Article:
4000 people have been injured and 250,000 made homeless following last night’s Beirut blast
4000 injured in Beirut Blast
Apocalyptic scenes in Lebanon’s capital have shook the world
It’s one of the biggest human tragedies the Middle East has ever seen that’s not a war. Last night an accident in the city of Beirut, Lebanon led to the death of over 100 people, injuring 4,000 and making another 250,000 homeless as a fire broke out by the port, resulting in a nearby chemical warehouse exploding. The chemicals included common fertilisers used by the farming industry. Storing them should be under strict rules, yet it’s believed that in Beirut these guidelines weren’t being followed and that military-grade explosions used for bombs were in the warehouse at the same time. These dangerous chemicals, 2,750 tonnes of them, were there for six years when they shouldn’t have been.
An investigation is now underway into the ‘5th largest accidental explosion on the planet’ and three days of mourning have been declared in the country but that doesn’t take away the human cost it’s left to deal with, alongside its current financial crisis and coping with the coronavirus pandemic.
Last year mass protests broke out in Lebanon as it struggled to deal with having some of the highest debts in the world and suspected government corruption. Clashes between citizens and police led to mass violence and still raw from these wounds, the people of Lebanon are now dealing with this new blow.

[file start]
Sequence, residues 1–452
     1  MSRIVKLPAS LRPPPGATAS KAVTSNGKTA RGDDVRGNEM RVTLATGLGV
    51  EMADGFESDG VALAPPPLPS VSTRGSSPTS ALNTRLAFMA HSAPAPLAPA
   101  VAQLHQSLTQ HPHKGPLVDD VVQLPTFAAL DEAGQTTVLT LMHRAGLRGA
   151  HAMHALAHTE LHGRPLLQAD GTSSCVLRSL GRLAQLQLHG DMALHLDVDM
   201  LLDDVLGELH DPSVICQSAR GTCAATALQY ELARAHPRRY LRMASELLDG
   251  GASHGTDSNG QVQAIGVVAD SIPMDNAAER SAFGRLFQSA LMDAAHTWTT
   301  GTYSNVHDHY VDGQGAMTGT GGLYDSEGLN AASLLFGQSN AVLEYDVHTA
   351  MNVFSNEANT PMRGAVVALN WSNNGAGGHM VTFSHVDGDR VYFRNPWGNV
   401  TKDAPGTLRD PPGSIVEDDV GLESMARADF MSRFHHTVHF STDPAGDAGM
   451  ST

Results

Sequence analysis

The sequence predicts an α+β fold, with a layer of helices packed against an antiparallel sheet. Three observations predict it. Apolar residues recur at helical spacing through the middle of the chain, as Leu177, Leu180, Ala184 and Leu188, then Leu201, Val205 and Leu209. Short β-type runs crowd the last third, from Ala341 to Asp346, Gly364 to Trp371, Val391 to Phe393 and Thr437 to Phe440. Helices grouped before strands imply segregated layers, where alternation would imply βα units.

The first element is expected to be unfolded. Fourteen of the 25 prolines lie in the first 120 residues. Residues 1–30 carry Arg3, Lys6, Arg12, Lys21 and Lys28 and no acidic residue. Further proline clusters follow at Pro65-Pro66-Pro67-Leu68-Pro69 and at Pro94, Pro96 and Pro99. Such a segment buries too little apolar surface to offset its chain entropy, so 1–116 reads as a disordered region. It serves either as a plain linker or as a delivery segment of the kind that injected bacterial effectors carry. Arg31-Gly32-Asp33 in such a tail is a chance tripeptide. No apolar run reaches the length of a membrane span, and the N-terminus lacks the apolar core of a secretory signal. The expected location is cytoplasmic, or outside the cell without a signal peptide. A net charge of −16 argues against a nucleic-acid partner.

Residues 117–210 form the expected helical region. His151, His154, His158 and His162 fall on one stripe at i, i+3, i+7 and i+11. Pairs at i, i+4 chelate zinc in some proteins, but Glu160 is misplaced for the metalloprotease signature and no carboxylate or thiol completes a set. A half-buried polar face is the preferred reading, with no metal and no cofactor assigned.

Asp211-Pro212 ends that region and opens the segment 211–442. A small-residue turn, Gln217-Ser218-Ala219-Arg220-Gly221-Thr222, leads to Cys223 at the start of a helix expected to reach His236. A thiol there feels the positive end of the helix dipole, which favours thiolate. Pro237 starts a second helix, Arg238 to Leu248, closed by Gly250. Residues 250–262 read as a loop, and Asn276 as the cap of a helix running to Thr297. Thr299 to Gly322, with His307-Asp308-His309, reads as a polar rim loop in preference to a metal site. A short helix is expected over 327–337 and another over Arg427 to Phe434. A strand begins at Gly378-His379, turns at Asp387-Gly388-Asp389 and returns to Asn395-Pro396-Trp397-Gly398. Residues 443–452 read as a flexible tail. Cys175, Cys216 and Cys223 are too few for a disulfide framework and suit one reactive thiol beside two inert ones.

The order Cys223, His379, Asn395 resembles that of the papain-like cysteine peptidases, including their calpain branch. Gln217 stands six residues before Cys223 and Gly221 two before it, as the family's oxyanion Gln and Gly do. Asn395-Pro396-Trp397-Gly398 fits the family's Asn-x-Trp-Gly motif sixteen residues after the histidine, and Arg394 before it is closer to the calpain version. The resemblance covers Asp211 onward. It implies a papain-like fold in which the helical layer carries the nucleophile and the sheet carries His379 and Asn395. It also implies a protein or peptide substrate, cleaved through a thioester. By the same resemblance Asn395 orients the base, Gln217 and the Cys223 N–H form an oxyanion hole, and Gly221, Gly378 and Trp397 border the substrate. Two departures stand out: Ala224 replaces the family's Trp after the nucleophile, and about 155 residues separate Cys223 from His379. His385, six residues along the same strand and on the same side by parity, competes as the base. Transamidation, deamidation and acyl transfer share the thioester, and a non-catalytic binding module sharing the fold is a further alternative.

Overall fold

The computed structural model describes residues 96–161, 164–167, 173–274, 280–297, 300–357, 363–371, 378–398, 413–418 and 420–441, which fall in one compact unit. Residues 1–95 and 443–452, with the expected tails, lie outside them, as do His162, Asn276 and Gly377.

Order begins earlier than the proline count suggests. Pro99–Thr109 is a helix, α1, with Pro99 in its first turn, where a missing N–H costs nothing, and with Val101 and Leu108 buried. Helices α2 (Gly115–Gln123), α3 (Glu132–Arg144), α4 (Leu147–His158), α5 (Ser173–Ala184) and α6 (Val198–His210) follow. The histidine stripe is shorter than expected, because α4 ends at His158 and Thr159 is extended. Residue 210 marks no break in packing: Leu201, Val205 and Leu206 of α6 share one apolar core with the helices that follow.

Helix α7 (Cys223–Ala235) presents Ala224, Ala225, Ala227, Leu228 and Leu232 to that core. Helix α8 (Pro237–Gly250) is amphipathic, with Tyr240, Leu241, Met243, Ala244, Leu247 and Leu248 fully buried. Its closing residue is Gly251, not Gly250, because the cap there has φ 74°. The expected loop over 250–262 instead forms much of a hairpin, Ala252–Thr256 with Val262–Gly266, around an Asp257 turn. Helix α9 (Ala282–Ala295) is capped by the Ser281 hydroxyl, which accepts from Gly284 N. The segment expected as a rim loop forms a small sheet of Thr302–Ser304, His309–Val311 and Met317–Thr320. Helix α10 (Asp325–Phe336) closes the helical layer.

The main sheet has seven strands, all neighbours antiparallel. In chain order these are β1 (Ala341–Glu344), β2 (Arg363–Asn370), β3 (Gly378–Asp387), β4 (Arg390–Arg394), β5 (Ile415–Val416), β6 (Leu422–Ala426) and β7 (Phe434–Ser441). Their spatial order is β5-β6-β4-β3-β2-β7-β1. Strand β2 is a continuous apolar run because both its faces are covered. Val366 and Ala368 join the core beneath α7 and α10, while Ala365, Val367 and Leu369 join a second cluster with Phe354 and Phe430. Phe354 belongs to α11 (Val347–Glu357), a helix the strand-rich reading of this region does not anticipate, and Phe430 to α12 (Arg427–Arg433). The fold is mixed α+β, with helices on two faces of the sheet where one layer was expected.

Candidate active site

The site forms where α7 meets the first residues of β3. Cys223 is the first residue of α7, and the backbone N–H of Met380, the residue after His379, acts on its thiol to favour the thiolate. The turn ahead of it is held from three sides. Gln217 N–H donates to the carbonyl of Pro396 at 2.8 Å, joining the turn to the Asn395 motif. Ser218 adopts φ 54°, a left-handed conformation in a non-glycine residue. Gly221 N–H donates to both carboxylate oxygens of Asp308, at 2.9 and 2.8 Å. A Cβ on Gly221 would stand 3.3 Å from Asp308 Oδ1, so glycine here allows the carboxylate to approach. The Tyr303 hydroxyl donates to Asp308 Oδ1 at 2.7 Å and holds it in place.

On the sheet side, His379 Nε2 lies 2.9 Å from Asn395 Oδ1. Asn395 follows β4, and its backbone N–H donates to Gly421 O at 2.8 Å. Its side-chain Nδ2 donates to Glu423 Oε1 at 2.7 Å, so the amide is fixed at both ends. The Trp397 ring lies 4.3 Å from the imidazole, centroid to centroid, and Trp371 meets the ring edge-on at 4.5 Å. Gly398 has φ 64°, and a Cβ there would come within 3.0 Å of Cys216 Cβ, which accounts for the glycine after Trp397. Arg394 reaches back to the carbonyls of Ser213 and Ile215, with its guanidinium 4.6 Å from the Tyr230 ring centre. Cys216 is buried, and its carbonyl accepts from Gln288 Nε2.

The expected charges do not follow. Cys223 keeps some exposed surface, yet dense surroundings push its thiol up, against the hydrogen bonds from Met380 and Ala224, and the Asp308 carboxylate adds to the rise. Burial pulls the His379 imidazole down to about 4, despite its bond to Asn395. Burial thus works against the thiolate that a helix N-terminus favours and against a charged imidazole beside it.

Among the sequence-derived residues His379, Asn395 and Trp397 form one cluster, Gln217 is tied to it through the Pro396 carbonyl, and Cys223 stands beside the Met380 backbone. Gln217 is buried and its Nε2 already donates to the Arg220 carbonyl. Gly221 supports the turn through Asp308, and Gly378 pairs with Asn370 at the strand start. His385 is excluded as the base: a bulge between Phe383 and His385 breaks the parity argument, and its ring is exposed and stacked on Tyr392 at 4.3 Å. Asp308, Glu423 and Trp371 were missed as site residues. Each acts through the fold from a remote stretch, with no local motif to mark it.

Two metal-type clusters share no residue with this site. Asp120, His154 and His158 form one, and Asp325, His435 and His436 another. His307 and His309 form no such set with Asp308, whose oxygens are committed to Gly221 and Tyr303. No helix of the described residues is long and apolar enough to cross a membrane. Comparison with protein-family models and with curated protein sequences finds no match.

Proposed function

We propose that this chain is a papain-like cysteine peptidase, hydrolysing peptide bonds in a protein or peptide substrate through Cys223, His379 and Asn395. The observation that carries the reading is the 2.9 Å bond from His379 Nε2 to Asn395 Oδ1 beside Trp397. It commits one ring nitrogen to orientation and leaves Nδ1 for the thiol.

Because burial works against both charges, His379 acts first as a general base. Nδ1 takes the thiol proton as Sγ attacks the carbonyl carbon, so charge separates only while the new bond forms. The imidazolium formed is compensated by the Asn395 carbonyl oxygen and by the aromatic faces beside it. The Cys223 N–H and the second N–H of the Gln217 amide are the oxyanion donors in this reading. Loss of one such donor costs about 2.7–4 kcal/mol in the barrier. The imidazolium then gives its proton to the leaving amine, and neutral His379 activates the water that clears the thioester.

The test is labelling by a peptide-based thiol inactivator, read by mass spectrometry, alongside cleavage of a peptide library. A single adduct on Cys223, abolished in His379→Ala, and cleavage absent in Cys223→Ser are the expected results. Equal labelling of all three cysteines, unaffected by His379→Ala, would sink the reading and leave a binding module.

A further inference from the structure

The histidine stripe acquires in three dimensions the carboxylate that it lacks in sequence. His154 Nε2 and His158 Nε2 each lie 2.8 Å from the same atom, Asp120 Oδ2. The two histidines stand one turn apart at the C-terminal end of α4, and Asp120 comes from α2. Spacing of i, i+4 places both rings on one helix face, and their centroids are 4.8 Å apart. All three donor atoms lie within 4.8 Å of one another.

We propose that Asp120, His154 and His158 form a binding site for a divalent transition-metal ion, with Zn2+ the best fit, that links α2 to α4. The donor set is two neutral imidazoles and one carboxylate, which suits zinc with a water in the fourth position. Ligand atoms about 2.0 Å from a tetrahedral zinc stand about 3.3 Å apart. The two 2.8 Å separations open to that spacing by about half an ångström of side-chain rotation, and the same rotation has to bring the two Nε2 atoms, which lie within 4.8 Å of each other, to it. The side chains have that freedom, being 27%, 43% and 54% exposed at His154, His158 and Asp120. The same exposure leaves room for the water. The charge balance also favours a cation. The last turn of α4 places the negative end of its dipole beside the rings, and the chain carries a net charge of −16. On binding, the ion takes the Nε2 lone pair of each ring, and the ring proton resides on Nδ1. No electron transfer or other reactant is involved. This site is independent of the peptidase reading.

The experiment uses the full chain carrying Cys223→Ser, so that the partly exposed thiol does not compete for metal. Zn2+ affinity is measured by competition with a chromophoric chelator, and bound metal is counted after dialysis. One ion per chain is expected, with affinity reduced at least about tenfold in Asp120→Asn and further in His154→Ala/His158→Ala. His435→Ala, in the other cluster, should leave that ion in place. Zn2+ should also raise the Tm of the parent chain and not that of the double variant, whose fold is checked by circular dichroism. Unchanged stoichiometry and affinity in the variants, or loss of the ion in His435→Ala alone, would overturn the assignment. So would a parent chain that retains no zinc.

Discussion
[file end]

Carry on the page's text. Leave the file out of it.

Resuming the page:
What’s the current situation?
• The explosion caused damage to a 6-mile radius (10 kilometres) around the centre of the blast. Buildings, amenities, shops, homes, vehicles have all been damaged.
• Hospitals in the city are overwhelmed with the volume of patients. Those with non life-threatening injuries have been asked to stay at home to reduce pressure on the medical services.
• Some hospitals were damaged by the explosion. Patients are being treated in the streets and car parks where buildings aren’t available.
• There’s a shortage of medicines. Those previously donated to the country as it struggled to pay for everyday supplies have been damaged.
• Around 85% of the country’s grains have been contaminated which will have an impact on food in the country.
What can you do to help?
As a nation the British government is still deciding what to do but has confirmed it will help with relief efforts. France has confirmed it’s sending two planes with emergency workers and supplies and Cyprus has offered their hospitals. Neighbouring Middle Eastern countries such as Qatar, Kuwait, UAE and Iraq are sending supplies. Meanwhile, across the pond, the US President mistakenly referred to the incident as an ‘attack.’
At this stage, less than 24 hours since the catastrophe it’s difficult to know what we can all do, however, a number of emergency reliefs from Aid groups have been set up to which you can donate money. These include: UNICEF and Red Cross. There are many more so keep an eye out for an organisation you want to donate to, or you could start your own fundraising campaign.
Remember when WW2 veteran Captain Tom pledged to raise £1000 for the NHS at the height of the coronavirus pandemic? The final amount he raised was £32million… proof that anything can be achieved, even from a lone individual.